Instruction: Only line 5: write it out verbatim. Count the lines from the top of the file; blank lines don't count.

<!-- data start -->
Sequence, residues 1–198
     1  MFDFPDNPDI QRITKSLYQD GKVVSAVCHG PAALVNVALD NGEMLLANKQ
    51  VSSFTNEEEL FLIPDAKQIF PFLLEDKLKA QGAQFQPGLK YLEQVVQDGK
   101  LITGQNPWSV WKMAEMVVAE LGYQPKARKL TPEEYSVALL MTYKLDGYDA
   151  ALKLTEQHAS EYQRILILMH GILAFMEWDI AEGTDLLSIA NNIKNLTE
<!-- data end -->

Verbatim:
   151  ALKLTEQHAS EYQRILILMH GILAFMEWDI AEGTDLLSIA NNIKNLTE